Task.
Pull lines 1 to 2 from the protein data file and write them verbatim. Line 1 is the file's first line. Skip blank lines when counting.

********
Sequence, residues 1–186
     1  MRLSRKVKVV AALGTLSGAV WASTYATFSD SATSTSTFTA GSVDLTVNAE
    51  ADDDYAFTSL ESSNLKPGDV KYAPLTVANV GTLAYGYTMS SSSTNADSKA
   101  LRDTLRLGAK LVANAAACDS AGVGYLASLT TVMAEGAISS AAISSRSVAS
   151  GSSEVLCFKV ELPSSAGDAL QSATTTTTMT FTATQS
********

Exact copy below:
Sequence, residues 1–186
     1  MRLSRKVKVV AALGTLSGAV WASTYATFSD SATSTSTFTA GSVDLTVNAE